Who’s using virtual reality (VR) today? What are their motivations? What are the VR use cases and content categories that resonate most? And for those uninterested in VR, what are their reasons?
A lot can be learned about VR’s market opportunity by answering questions like these, and uncovering sentiments of the consumer public. And in VR’s early days, such data is scarce yet critical to positioning strategies.
So ARtillry set out for answers. Working closely with Thrive Analytics, ARtillry authored questions to be fielded through its established survey engine. The result is the first wave of Thrive’s Virtual Reality Monitor™ (VRM).
Tapping a considerable sample of almost 2000 adults, the data returned telling consumer behavior patterns, useful in ongoing VR strategy refinement. That includes content, hardware and other components.
Top findings include:
- VR headset owners showed high satisfaction compared to other categories of consumer tech products. However many non-owners (38%) reported disinterest in VR ownership.
- VR's immersive experience presents a double-edged sword: It produces highly visceral and satisfactory user responses... but you have to see it to believe it
- This creates a challenge to scale distribution, given inherent adoption barriers like price and technological invasiveness. Education, retail installations, VR arcades and mobile VR will be the 'gateway drugs' to reduce that friction and cultivate tomorrow's VR owners.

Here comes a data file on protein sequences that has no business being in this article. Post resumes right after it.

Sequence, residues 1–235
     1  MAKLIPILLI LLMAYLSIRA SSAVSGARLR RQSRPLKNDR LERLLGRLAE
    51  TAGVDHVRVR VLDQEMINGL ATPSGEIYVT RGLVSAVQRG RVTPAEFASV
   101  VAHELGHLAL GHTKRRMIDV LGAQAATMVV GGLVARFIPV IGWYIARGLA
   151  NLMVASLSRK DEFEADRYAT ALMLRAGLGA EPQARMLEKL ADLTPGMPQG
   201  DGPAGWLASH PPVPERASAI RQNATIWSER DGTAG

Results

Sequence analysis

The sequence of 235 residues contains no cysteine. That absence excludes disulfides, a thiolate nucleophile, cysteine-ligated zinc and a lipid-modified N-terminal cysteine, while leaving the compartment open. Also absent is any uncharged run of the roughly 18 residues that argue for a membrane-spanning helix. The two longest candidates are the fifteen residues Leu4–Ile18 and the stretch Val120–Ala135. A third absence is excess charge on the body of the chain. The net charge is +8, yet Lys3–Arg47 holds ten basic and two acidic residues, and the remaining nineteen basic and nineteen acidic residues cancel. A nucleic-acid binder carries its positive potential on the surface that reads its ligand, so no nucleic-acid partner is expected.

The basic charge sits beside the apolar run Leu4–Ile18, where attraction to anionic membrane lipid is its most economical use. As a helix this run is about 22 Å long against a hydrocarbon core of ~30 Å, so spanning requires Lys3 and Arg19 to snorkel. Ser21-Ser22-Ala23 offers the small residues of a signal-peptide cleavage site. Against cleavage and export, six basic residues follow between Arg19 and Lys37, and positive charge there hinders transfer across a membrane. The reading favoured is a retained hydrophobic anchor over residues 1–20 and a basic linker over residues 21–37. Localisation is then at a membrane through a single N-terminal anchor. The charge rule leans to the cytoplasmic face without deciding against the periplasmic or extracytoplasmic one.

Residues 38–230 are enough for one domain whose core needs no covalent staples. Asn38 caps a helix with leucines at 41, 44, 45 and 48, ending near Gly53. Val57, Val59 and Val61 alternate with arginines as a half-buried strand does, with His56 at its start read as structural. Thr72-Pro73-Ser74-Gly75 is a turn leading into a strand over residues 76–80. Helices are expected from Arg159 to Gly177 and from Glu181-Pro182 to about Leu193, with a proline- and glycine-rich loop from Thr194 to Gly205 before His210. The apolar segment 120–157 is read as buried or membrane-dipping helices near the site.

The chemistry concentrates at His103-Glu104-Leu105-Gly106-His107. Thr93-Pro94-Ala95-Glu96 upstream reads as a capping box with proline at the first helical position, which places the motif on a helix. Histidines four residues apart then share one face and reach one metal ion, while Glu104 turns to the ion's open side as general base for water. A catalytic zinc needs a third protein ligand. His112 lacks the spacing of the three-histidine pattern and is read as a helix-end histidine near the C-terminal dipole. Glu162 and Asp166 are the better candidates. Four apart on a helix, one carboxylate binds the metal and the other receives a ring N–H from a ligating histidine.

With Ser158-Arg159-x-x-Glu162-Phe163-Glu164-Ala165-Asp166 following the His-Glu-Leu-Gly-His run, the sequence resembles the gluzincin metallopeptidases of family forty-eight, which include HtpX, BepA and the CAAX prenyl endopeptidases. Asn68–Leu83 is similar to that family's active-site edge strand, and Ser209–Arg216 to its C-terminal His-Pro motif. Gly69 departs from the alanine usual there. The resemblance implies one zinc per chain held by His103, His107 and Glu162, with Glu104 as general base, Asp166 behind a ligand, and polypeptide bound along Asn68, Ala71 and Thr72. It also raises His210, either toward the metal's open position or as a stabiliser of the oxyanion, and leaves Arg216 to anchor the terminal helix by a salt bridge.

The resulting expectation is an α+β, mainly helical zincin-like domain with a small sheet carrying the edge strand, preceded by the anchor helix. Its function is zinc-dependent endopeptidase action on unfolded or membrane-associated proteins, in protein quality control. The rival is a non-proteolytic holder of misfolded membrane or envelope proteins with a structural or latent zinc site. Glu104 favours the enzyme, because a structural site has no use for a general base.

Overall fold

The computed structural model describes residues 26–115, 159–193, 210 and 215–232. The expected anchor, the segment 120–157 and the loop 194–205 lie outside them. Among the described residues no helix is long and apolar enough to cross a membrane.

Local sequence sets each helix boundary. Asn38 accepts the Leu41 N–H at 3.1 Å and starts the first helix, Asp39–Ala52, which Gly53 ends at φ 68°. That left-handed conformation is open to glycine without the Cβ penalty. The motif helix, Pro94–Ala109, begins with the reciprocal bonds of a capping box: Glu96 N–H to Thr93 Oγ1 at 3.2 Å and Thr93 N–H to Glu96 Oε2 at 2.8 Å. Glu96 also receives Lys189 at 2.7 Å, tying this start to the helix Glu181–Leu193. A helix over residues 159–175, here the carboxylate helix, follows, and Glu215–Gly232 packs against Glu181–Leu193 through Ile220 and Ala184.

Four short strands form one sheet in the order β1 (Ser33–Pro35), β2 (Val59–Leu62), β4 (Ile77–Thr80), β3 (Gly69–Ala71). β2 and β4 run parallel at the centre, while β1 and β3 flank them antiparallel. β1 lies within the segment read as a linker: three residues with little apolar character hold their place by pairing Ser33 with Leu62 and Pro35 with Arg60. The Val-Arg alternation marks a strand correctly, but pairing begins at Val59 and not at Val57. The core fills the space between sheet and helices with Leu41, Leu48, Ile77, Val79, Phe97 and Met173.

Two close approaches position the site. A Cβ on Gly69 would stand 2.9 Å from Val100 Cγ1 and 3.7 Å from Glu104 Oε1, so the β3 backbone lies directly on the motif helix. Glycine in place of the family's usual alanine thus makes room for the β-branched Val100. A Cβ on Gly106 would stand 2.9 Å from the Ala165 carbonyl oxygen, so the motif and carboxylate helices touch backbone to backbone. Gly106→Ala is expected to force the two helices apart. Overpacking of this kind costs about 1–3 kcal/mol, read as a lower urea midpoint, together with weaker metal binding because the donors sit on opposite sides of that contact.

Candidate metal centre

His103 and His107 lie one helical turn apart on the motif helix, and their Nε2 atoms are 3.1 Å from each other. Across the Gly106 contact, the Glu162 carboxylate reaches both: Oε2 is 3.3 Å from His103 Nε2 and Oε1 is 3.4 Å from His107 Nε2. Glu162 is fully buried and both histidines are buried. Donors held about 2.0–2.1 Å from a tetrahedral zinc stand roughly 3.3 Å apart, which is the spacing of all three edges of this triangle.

- Among the things that VR users desire, more and better content top the list.
- This validates that content is king in VR, just like other mediums.
- Content is currently a gap in VR’s value chain, challenged by a classic "chicken & egg" dilemma, given low overall headset penetration.
- VR affinity correlates to youth and natural technology interest among digital natives.
- Willingness to spend $400+ on VR equipment shows a reverse correlation to age, with one exception: Ages 25-34 are more willing than ages 18-24, likely due to spending power.
- $400 is a significant price point, validated by Oculus’ recent Rift pricing adjustment.
- We’ll see more price competition: emerging sectors often trade margins for market share.
- Native thinking is a VR success factor: building specifically for the form factor.
- Just like with smartphones, VR apps and games that utilize unique aspects (i.e volumetric movement) will outperform those that shoehorn legacy 2D media into a VR experience.
The report is available to preview, and full access can be granted to ARtillry Insights subscribers. In partnership with the VR/AR Association, ARtillry Insights delivers a bundled research package to equip subscribers in AR and VR sectors -- and those entering from other sectors -- to make informed business decisions. Learn more or subscribe here.